Beyond electoral politics, the demand for reparations has garnered more traction in recent years. Last year, BYP100 included reparations as part of their list of demands within their policy agenda titled “Agenda to Build Black Futures.” Additionally, in 2014, Ta-Nehisi Coates’ widely discussed article in The Atlantic sparked new interest in reparations. The ongoing work of N’COBRA, who has been organizing for reparations for almost three decades, is still an anchor for this debate. The move to demand reparations is also being played out locally. In Chicago, the victory of the City Council ordinance that won reparations for police torture survivors set an important precedent for an expanded concept of reparations. Globally, the Caricom Reparations Commission has been engaging in efforts seeking redress from former European colonial powers for the catastrophic violence of transatlantic slavery and the genocidal campaigns waged against indigenous communities. And finally, William Darity and Kristen Mullen’s forthcoming book on reparations will further amplify the debate. Taken together, how do we view the call for reparations as a proactive strategy in these foreboding political times?
With this backdrop, and questions, in mind, Souls invites essays, interviews, policy and strategy papers that explore the dynamic 2017-2018 political landscape and the various ways in which it impacts Black life and is being navigated and confronted by those engaged in various parts of the Black Freedom Movement.
Final Submission Deadline: Midnight PST November 27, 2017
SOULS only accepts manuscripts by electronic submission. Manuscripts are peer-reviewed by members of our Editorial Working Group (EWG) and our Editorial Advisory Board (EAB), as well as other affiliated scholars.
All submissions must indicate that the manuscript contains original content, has not previously been published, and is not under review by another publication. Authors are responsible for securing permission to use copyrighted images, tables, or materials from a copyrighted work in excess of 500 words. Authors must contact original authors or copyright holders to request the use of such materials in their articles.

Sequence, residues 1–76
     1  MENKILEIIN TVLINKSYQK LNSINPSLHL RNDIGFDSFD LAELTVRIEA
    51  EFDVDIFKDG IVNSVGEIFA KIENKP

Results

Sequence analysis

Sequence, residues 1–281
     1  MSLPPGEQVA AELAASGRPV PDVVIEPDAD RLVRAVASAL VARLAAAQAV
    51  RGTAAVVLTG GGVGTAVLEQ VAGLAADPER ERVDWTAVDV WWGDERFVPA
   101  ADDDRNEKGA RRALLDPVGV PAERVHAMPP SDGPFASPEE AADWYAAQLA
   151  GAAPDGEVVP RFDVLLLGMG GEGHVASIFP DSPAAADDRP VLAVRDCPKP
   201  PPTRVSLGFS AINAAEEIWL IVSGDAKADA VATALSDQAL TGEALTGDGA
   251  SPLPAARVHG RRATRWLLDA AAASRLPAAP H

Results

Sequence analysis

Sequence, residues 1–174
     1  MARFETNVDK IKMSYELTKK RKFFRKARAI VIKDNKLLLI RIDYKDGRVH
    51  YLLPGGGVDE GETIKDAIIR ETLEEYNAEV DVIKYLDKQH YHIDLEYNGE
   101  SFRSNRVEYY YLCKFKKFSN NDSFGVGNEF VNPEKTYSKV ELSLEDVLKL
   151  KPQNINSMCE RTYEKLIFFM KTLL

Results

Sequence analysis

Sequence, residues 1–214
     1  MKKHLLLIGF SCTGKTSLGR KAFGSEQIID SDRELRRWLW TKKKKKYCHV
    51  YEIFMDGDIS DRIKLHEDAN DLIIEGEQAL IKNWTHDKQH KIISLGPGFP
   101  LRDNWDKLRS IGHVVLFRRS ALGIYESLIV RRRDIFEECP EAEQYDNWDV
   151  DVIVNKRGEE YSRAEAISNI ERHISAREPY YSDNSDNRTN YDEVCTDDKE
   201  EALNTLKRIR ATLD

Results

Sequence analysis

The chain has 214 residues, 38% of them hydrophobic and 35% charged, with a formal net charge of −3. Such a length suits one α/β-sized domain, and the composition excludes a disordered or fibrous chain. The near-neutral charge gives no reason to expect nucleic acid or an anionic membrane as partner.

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DCP: In the pattern of the critical black intellectual tradition of W.E.B. DuBois, Souls articles should include the elements of “description,” “correction,” and/or “prescription”: thickly, richly detailed descriptions of contemporary black life and culture; corrective and analytical engagements with theories and concepts that reproduce racial inequality in all of its forms; and/or an analysis that presents clear alternatives or possibilities for social change.
Originality: Articles should make an original contribution to the literature. We do not consider manuscripts that are under review elsewhere.
FORM OF ARTICLES:
Length: Articles published in Souls generally are a minimum of 2,500 words in length, but not longer than 8,500 words, excluding endnotes and scholarly references.
CMS and Clarity: All articles should conform to the Chicago Manual of Style. Scholarly references and citations usually should not be embedded in the text of the article, but arranged as endnotes in CMS form. Souls favors clearly written articles free of excessive academic jargon and readily accessible to a broad audience.
Critical: Souls aspires to produce scholarship representing a critical black studies – analytical and theoretical works in the living tradition of scholar/activist W.E.B. Du Bois. Souls is an intellectual intervention that seeks to inform and transform Black life and history.
Please address questions to: Marco Roc, Souls Managing Editor, email@example.com